It’s a nice thought, but it might not be a particularly Catholic thought.

      The Catholic Church teaches that error has no rights. At any rate, I’ve never gone in for the American idea encapsulated in that phrase.

      • S. Murphy

        …but persons in error do have rights. No, the patriot guard motorcycle clubs have one of the best solutions to Westboro’s bs – drown ‘em out with Harleys.

  • http://gladius-spiritus.blogspot.ca/ bear

    I just don’t understand these people. I can usually a point to most poeple’s words and actions, even though I may disagree with them, but in this case… no, I just don’t get them.

    • Rachel K

      They’re real-life trolls. That’s pretty much all there is to it.

  • Rosemarie

    +J.M.J+

    Maybe we can rename them the Phelps Family Protest Cult? ‘Cause that’s what they are. They’re not associated with any Baptist denomination so forget the “Baptist” part. And they’re barely, if at all, a “church.” Do they ever hold actual worship services or just protests all around the country?

    Some towns, like Brandon MS, have dealt with their protests, um, creatively:

    “Rankin County handled this thing perfectly. There were many things that were put into place that most will never know about and at great expense to the county.

    “Most of the morons never made it out of their hotel parking lot. It seems that certain Rankin county pickup trucks were parked directly behind any car that had Kansas plates in the hotel parking lot and the drivers mysteriously disappeared until after the funeral was over. Police were called but their wrecker service was running behind and it was going to be a few hours before they could tow the trucks so the Kansas plated cars could get out.

    “A few made it to the funeral but were ushered away to be questioned about a crime they might have possibly been involved in. Turns out, after a few hours of questioning, that they were not involved and they were allowed to go on about their business.”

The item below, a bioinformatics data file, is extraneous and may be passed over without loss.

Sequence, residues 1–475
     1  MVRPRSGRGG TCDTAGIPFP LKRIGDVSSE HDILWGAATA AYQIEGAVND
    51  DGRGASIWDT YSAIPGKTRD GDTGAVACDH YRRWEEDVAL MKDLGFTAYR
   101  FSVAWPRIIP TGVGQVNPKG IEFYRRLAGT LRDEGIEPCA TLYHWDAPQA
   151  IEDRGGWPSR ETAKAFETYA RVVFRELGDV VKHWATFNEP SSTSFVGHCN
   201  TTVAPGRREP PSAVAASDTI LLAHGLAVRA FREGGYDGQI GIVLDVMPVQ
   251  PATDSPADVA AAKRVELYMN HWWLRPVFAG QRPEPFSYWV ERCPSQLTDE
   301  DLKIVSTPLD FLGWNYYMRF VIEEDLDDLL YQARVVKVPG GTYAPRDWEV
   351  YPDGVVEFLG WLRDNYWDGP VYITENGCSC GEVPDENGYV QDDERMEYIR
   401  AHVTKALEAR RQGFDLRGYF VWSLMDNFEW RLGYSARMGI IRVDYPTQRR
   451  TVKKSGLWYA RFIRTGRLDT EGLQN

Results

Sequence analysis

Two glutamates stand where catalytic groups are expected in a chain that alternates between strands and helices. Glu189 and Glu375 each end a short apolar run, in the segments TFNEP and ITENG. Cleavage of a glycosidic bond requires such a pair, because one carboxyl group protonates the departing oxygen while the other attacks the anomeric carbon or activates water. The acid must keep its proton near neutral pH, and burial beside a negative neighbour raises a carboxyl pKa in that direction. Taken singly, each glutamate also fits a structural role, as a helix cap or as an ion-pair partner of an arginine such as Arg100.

Then there was Weston, MO:

    “Westboro Baptist Church supporters had planned to picket the funeral of Sergeant Charles Sadell at his hometown in Weston, Missouri. But the callous protesters -led by controversial pastor Fred Phelps – fled the 2,000-population town when hundreds of flag-waving residents blocked routes leading its funeral home.

    “Using a human chain and huge flags, they prevented relatives of the father-of-two from seeing protesters who bizarrely claim they use funerals to protest against ‘the consequences of sin’. Turning up early to fill all available parking spaces, they forced the churches members to abandon their protest and leave.

    “‘We got everybody here early so we could take up all the parking spots,’ Resistance organiser Rebecca Rooney said. ‘We did that so Mr. Phelps wouldn’t have a contingency that was really close.

    “‘I’m glad they left, but I’m sad they came,’ she said. ‘I’m glad the family didn’t have to see them.’”

  • Misty

    They tried to protest at the funeral of a local family that died in a plane crash. A radio station offered them airtime in exchange, probably for their own protection. The body shield of bikers was growing. I like to think no one tuned it.

  • Kevin Moran

    Reminds me when I volunteered at Yankee Stadium for the Papal Mass in the Spring of 2008. Crossing the street to avoid the large crowds going into the Stadium’s gates I encountered six rather virulently anti-Catholic fundamentalist protesters. Of course, to them Pope Benedict XVI was he anti-Christ.
    I did the numbers-”yup, those 80 thousands plus folks going in for the Mass are wrong and you six people are right. Go figure?”

  • Jonathan Carpenter

    Of course there is the Patriot Guard which provides escorts to Family Members being protested by the Phelps fools! Seeing a few hundred of those Veterans on bikes is a nice shield.